Yet, within a few days we will all be hooked on the competition and will find ourselves screaming at the TV as we cheer on our favourite athletes. At London 2012, for instance I didn’t just cheer Mo Farah and Jessica Ennis-Hill to their gold medals, I found myself compelled to scream out support for weightlifters, canoeists, shooters and competitors from other sports I never ever watch. Despite all the doubts and fears about the Games, our respect and admiration for the athletes with the talent and determination to compete and strive to achieve their goals will win through.

I currently have a couple of clients who are going through big levels of change. As with Rio, it is easy for managers and colleagues to become fixated on the risks, fears and doubts about the actions they’re taking and their ability to win through. But, in both instances, I can already see real, tangible improvements. It’s critical that the leaders of these organisations help their people identify and celebrate these improvements – just as we will all soon be celebrating the efforts of our Olympic athletes – and keeping everyone’s focus on the future benefits of the changes.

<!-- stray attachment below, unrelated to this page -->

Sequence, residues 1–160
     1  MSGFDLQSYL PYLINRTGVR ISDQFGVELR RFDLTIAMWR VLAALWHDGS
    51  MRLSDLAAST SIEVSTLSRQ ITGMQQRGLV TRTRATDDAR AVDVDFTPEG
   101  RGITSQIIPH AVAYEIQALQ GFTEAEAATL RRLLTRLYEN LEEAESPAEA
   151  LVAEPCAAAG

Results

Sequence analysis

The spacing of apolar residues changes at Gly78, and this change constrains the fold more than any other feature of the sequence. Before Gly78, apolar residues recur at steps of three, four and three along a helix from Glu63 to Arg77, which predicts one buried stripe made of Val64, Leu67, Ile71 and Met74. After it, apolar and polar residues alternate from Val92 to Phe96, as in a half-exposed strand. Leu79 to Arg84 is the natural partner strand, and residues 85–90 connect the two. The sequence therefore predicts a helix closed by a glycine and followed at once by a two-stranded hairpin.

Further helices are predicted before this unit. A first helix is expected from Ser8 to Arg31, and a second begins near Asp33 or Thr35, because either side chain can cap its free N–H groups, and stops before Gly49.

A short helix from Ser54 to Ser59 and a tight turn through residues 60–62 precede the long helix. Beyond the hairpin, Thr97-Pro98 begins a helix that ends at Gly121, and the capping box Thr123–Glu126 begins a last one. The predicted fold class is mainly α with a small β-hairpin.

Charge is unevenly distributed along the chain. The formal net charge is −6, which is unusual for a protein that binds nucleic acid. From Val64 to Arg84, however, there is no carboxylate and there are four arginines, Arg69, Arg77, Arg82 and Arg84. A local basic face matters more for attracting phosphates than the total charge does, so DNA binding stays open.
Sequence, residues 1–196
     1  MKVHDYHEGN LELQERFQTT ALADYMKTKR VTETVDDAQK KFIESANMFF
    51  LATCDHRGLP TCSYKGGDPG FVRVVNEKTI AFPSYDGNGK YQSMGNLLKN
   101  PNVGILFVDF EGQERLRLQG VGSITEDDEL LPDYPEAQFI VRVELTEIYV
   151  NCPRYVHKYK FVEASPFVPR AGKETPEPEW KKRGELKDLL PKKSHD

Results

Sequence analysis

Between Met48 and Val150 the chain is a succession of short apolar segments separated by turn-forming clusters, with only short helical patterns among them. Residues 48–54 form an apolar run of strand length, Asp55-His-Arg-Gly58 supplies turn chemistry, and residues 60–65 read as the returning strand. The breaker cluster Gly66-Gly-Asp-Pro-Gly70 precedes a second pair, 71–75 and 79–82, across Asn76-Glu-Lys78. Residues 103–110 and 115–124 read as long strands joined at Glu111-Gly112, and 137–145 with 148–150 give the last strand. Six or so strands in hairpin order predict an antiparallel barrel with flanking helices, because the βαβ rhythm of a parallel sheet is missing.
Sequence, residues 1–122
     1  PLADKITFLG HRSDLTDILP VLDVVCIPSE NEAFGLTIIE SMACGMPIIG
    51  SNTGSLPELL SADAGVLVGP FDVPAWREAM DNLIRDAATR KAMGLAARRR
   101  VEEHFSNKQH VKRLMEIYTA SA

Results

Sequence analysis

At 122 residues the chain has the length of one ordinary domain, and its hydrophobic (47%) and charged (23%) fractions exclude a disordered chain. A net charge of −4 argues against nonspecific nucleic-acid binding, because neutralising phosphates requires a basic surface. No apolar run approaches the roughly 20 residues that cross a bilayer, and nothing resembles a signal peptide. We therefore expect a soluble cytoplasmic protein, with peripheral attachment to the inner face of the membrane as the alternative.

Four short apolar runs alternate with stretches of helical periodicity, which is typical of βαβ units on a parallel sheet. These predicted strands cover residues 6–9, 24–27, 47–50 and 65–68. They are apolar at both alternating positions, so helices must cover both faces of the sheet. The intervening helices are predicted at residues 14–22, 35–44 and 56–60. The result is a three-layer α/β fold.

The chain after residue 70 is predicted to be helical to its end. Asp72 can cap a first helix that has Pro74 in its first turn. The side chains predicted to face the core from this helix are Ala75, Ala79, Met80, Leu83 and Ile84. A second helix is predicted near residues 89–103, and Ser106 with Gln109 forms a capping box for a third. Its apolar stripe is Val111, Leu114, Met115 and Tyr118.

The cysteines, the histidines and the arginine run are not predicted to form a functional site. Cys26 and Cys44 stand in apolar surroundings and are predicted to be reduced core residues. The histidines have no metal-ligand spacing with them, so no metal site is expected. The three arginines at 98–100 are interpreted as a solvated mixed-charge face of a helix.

What steps are you taking to build Olympian levels of belief in your business, keep your people’s focus on achieving your organisation’s future goals and objectives, and to help them avoid becoming fixated on today’s problems and fears?

Off the record: Rio by Mike Nesmith

I’m hearing the light from the window

I’m seeing the sight of the sea

My feet have come loose from their moorings

I’m feeling quite wonderfully free

© Stuart Cross 2016. All rights reserved.

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Business Rocks: Zombie Project Apocalypse